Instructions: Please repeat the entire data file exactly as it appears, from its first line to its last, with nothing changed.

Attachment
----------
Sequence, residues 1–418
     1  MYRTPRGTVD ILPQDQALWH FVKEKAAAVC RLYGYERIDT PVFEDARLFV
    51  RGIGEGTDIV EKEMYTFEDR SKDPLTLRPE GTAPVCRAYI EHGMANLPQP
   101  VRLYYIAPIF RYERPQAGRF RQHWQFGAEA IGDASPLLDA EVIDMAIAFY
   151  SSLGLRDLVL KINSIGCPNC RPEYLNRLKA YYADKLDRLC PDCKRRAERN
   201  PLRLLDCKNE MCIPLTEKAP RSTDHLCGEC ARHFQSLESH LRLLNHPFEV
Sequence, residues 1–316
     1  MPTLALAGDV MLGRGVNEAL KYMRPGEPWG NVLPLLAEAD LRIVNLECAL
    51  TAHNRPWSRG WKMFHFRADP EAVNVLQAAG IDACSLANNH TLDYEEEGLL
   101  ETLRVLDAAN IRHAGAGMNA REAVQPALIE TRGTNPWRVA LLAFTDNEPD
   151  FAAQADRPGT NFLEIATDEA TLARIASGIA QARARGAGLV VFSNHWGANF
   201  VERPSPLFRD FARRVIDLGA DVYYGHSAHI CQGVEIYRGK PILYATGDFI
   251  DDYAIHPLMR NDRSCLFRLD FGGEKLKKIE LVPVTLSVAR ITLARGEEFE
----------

Sequence, residues 1–418
     1  MYRTPRGTVD ILPQDQALWH FVKEKAAAVC RLYGYERIDT PVFEDARLFV
    51  RGIGEGTDIV EKEMYTFEDR SKDPLTLRPE GTAPVCRAYI EHGMANLPQP
   101  VRLYYIAPIF RYERPQAGRF RQHWQFGAEA IGDASPLLDA EVIDMAIAFY
   151  SSLGLRDLVL KINSIGCPNC RPEYLNRLKA YYADKLDRLC PDCKRRAERN
   201  PLRLLDCKNE MCIPLTEKAP RSTDHLCGEC ARHFQSLESH LRLLNHPFEV
Sequence, residues 1–316
     1  MPTLALAGDV MLGRGVNEAL KYMRPGEPWG NVLPLLAEAD LRIVNLECAL
    51  TAHNRPWSRG WKMFHFRADP EAVNVLQAAG IDACSLANNH TLDYEEEGLL
   101  ETLRVLDAAN IRHAGAGMNA REAVQPALIE TRGTNPWRVA LLAFTDNEPD
   151  FAAQADRPGT NFLEIATDEA TLARIASGIA QARARGAGLV VFSNHWGANF
   201  VERPSPLFRD FARRVIDLGA DVYYGHSAHI CQGVEIYRGK PILYATGDFI
   251  DDYAIHPLMR NDRSCLFRLD FGGEKLKKIE LVPVTLSVAR ITLARGEEFE